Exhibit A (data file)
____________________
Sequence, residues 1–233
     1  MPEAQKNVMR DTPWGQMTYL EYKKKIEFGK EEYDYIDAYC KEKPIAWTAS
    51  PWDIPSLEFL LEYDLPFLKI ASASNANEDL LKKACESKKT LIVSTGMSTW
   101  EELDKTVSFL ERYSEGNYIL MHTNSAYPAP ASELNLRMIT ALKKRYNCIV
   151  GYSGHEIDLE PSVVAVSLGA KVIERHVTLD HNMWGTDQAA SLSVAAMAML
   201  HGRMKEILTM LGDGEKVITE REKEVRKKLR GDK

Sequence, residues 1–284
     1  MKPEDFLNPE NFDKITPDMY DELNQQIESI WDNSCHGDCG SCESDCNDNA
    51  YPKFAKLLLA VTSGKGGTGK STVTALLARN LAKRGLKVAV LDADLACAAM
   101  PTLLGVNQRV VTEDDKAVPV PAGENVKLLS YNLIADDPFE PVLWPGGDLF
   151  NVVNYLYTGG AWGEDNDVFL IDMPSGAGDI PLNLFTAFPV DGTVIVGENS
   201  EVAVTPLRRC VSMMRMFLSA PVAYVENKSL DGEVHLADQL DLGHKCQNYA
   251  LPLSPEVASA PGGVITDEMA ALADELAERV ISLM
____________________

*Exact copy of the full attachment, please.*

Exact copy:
Sequence, residues 1–233
     1  MPEAQKNVMR DTPWGQMTYL EYKKKIEFGK EEYDYIDAYC KEKPIAWTAS
    51  PWDIPSLEFL LEYDLPFLKI ASASNANEDL LKKACESKKT LIVSTGMSTW
   101  EELDKTVSFL ERYSEGNYIL MHTNSAYPAP ASELNLRMIT ALKKRYNCIV
   151  GYSGHEIDLE PSVVAVSLGA KVIERHVTLD HNMWGTDQAA SLSVAAMAML
   201  HGRMKEILTM LGDGEKVITE REKEVRKKLR GDK

Sequence, residues 1–284
     1  MKPEDFLNPE NFDKITPDMY DELNQQIESI WDNSCHGDCG SCESDCNDNA
    51  YPKFAKLLLA VTSGKGGTGK STVTALLARN LAKRGLKVAV LDADLACAAM
   101  PTLLGVNQRV VTEDDKAVPV PAGENVKLLS YNLIADDPFE PVLWPGGDLF
   151  NVVNYLYTGG AWGEDNDVFL IDMPSGAGDI PLNLFTAFPV DGTVIVGENS
   201  EVAVTPLRRC VSMMRMFLSA PVAYVENKSL DGEVHLADQL DLGHKCQNYA
   251  LPLSPEVASA PGGVITDEMA ALADELAERV ISLM